What I want to say finally is this. UC Davis offers you the very best tools of your industry. Knowing I am standing here among you and this quality of education you are receiving honestly makes me swell with pride. But what you have the chance to gain from UC Davis itself is not enough. You are free right now to ask yourself how are you going to exercise your strengths? How do you want to apply these tools? What is it you want to love?

Thank you.


Thank you to UC Davis for inviting, and hosting me.

Copyright 2013 all rights reserved. When sharing or forwarding, please attribute to


The following is part 2 of a talk I gave to UC Davis Viticulture & Enology students on Monday.

To read part 1: on Freedom, Paul Draper, and Camus: UCDavis Talk, Part 1: Freedom, Expression, and Love: A Consideration of Choice in Winemaking

Here is part 2


Freedom, Expression, and Love: A Consideration of Choice in Winemaking
by Elaine Chukan Brown, aka. Lily-Elaine Hawk Wakawaka


Part 2: Expression: Pneumonia and Technique

For the second part of my talk, I want to consider the idea of this expression, but I want to reflect on it by telling you a story from my own life that few people know. For all the personal confessions that exist in my writing about wine, this is a story I haven’t written. It’s how or why I left my academic career.

In 2010, I was awarded a research fellowship with Dartmouth College. I had already been teaching philosophy full-time in Northern Arizona for several years at that point. The fellowship I won is given to one person a year for someone whose research is seen as a positive resource for the Dartmouth community, and academia at large. The winner is funded to live on campus and simply do the work they were already doing. I arrived, then, in summer 2010 as a philosopher in residence working on questions of Indigenous Identity.

While there, I was also asked to give the response to a keynote address at a conference occurring in Montreal, Quebec, where I had also done graduate coursework at McGill. To prepare for the response, I’d of course thoroughly considered the article itself, but also read each of the books and articles written by the keynote speaker. The day I was to respond I woke up severely ill. I was used to toughing out sickness, however, and made plans to clear my schedule until the keynote that evening so I could rest until I needed to get up for my response. Two hours prior, I discovered I was still too sick to get out of bed. In the end, though, I had to be convinced by the conference organizer that it was acceptable for me to stay in bed and let someone else read my pre-written response.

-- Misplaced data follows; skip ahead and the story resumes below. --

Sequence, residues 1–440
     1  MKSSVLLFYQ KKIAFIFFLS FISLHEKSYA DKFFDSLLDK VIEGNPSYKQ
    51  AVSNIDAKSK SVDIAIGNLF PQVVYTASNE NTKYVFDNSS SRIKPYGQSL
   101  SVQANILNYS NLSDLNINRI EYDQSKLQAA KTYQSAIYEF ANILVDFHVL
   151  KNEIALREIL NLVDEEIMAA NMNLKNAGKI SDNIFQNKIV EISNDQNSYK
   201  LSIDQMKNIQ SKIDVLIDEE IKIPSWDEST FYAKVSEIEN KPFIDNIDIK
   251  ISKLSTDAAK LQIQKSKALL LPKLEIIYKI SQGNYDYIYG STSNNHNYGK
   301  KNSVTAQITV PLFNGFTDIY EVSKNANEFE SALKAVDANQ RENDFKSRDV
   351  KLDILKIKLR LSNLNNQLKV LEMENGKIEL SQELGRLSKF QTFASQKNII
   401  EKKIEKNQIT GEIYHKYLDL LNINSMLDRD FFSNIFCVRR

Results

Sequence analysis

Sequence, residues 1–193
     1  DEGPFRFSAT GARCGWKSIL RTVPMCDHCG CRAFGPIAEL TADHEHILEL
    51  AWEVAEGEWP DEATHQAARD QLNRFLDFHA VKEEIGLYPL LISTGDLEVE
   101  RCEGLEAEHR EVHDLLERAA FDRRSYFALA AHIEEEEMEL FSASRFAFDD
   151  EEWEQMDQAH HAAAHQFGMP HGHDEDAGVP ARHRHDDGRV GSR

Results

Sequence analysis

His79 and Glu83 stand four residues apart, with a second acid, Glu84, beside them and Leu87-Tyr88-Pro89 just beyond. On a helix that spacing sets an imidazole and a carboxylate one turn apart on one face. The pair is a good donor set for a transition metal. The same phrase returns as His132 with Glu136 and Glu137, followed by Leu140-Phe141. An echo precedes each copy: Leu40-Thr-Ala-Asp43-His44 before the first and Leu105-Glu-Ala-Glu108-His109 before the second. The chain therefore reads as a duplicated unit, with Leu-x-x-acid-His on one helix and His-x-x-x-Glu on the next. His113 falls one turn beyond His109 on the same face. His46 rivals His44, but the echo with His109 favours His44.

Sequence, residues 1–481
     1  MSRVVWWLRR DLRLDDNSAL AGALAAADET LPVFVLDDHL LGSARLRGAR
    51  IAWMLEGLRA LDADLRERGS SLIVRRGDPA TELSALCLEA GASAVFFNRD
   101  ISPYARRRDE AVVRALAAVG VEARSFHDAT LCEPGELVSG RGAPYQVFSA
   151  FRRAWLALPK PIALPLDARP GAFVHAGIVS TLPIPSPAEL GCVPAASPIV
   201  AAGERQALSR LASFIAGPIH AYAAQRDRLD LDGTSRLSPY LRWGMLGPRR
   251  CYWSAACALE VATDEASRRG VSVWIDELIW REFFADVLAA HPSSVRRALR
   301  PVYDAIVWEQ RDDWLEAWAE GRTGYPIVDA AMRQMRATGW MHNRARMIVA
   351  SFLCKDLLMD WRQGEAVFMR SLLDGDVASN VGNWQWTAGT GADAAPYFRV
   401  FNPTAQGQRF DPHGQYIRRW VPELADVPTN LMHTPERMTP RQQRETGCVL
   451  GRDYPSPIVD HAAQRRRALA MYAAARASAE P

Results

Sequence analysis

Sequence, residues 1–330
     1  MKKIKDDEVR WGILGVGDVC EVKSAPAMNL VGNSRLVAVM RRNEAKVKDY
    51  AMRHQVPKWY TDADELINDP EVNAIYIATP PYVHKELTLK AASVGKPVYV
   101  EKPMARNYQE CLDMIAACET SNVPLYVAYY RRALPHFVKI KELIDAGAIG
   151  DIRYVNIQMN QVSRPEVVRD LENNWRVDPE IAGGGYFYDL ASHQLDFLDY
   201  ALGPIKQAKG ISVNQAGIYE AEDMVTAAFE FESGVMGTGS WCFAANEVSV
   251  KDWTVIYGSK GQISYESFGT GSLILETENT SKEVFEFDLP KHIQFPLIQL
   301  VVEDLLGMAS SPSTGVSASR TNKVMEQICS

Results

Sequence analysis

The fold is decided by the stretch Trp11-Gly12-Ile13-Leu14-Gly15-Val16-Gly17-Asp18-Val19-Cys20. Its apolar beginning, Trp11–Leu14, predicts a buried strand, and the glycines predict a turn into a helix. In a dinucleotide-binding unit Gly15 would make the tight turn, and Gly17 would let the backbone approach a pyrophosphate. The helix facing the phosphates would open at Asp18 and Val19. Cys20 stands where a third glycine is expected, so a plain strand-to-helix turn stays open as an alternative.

The person who wrote the keynote was one of the leaders in my field, and the occasion had been designed partially to give us the chance to meet, so as to facilitate the possibility of her acting as an ongoing mentor—it is common for younger faculty to be guided by more experienced professors. It turned out I was sick the entire week and I never met her. Finally, by the weekend, a friend took me to the emergency room, as I was having trouble breathing. I was diagnosed with pneumonia that ultimately sent me to the emergency room three times over the course of almost two months, and demanded three rounds of antibiotics.

I actually suffered a poor reaction to the first set of antibiotics that included severe headaches lasting for several hours after taking the pills. The pain was intense enough I could not do anything for the hours they peaked besides meditate through them. It was unbearable but I had no choice but simply get through it. Fighting the headaches made them worse. Stopping the antibiotics would only make the pneumonia worse. The headaches were also severe enough I couldn’t do any other work. There was no way out. You might say the illness was my boulder during this period.